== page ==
It’s much easier said than done. But if you can catch those things in yourself early – the off-handed remark, the little corner cut, the awkward conversation ignored – you can guard your company against your worst impulses in its infancy – the most vulnerable time.

DNA is resilient. Use that to your advantage.

Every CEO has blind spots… I just found some scary ones of my own.

If you asked me to describe my “leadership values” yesterday, here’s what I would have said:

Empathy towards others, transparency with information, openness to new ideas, directness with feedback.

Today, I confidently asked my 14-person team to give me the honest truth, and this is what I now know about my real-life leadership behavior:

I am, more often than not, emotionally out of touch with my team.

1 = Never, 5 = Always

“As you walked in the room, when you looked at the other human… What does it mean?” — I, Robot

I am very transparent with information.

Except with Austin. I intentionally don’t tell him anything.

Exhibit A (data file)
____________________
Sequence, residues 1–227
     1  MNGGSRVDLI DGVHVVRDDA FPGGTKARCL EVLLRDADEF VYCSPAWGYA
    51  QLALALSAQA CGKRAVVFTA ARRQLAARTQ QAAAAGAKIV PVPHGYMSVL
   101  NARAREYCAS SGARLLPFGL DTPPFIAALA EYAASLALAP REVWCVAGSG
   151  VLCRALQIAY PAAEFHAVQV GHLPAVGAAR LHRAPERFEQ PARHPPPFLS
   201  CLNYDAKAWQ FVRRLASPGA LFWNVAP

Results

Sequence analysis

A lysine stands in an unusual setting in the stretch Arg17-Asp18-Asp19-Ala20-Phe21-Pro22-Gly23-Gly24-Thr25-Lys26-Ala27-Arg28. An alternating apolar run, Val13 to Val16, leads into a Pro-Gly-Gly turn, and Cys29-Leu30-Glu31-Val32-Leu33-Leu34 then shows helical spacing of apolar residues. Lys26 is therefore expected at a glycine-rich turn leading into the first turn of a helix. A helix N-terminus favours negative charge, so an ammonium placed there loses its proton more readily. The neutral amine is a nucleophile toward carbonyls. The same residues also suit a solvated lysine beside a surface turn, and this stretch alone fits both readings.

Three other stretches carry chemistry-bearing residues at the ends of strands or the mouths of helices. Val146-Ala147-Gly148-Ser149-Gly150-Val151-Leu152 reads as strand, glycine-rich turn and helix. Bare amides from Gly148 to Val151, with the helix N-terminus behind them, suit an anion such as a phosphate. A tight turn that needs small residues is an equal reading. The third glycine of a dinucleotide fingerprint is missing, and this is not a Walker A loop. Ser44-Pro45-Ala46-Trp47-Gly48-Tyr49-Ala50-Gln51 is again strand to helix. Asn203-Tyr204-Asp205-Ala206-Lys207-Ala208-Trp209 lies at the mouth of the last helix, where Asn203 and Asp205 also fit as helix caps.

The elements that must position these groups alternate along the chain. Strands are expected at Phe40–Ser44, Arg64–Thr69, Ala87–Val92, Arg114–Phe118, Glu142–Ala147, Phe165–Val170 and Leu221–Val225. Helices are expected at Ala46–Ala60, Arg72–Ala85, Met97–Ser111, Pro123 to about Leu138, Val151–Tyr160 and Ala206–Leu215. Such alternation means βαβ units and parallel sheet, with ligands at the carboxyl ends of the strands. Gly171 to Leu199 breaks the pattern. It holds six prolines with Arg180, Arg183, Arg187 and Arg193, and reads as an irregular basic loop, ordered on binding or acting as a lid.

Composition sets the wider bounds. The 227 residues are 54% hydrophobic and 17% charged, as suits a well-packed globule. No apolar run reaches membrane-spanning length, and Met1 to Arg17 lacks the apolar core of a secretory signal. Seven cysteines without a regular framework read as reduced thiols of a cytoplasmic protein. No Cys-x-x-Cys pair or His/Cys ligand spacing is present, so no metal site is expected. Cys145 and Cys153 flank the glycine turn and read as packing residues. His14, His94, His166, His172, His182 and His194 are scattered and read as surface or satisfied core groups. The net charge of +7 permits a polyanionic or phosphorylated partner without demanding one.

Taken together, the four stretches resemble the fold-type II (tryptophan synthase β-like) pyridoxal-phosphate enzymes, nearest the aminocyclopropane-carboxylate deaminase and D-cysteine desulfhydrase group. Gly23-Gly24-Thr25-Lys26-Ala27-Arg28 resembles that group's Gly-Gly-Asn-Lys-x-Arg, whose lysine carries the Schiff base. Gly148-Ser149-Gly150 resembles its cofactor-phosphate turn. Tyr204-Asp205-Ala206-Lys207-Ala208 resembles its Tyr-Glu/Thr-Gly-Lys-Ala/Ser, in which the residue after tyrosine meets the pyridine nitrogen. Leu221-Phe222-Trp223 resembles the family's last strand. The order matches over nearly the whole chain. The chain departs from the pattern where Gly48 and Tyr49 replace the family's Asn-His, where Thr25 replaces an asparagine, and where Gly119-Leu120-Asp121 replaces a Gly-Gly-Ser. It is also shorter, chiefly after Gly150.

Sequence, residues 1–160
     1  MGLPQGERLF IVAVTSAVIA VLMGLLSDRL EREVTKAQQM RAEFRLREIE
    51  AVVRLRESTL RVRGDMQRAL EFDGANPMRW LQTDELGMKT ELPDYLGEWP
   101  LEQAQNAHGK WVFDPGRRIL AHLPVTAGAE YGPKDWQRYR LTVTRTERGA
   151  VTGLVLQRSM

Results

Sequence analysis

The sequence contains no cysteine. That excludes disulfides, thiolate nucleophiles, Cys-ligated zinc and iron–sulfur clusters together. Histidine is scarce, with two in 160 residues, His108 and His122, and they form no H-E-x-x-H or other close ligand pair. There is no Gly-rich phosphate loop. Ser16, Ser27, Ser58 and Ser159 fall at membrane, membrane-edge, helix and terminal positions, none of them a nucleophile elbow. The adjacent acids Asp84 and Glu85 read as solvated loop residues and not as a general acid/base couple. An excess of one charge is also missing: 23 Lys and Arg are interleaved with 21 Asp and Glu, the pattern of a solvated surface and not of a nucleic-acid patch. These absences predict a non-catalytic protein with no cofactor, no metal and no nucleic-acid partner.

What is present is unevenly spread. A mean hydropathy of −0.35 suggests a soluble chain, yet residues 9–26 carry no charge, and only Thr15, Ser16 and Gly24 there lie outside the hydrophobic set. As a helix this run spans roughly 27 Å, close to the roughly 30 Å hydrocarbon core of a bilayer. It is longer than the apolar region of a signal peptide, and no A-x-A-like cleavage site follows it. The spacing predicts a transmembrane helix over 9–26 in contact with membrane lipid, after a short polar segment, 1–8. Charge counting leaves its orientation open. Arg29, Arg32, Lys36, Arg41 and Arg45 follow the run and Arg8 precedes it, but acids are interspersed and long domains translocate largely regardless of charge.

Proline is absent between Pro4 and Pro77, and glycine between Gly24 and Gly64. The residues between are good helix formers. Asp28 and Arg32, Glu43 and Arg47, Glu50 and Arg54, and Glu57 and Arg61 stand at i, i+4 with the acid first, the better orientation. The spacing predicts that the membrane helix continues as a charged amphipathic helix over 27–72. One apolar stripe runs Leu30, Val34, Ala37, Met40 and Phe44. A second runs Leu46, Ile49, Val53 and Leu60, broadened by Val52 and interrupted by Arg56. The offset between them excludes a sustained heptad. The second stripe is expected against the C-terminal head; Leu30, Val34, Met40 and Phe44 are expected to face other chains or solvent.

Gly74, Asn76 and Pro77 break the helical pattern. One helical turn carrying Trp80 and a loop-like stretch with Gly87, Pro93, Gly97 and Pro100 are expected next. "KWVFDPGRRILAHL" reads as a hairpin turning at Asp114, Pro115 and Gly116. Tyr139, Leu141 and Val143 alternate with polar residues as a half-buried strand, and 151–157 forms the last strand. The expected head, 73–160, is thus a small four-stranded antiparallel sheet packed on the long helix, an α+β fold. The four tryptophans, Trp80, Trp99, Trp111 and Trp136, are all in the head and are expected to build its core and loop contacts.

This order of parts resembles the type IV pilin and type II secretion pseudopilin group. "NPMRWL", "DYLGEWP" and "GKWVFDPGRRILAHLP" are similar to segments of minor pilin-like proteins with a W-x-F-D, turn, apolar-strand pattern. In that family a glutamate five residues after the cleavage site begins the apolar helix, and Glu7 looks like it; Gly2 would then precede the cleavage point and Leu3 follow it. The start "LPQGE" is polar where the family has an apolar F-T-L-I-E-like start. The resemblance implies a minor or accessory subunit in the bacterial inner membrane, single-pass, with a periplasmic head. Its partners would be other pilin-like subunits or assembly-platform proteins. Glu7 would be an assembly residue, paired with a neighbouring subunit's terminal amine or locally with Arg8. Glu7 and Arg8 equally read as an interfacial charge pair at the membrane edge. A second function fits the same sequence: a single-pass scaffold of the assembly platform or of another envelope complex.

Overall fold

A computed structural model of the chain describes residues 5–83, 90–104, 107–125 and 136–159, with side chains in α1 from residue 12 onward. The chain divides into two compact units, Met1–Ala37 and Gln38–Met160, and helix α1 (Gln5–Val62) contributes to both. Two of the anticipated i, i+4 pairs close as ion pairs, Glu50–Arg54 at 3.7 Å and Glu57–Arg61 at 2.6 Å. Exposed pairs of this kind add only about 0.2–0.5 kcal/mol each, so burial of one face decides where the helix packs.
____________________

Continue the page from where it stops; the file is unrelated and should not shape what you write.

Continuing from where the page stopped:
I am comfortable with new ideas, change, and volatility (perhaps too comfortable).

I am either guarded or just plain stingy with feedback.

My emoji response game is weaker that I thought.

There’s a big gap between my values and my behavior on multiple dimensions. Some affirmation, but plently of OUCH.

As a CEO  (or any leader), you have the unique power to prevent uncomfortable truths from being said or heard. You can shut people up with pressure, or remove them altogether, thus insulating yourself from reality. But that doesn’t make the truth go away.

Uncomfortable truths demand uncomfortable action. 

Though I’m tempted to keep my fingers in my ears and whisper “I am a great leader. I am a great leader” to myself in a corner office, I’d prefer to know the blind spots. This anonymous survey was like a long overdue checkup. You can only treat an illness when you can properly diagnose it.

I’m hoping that by sharing these results, I’ll be accountable to change. For me, the goals are simple: give more feedback, pay attention to how people feel, and be a little more steady.

If you’re curious, I based this 48-question survey on the work of Daniel Goleman. View my full results here.

Itching to know about your blind spots as a leader? Eager to spend tomorrow night sobbing about your shortcoming? Let me know and I’ll share the form so you can copy it for your own team.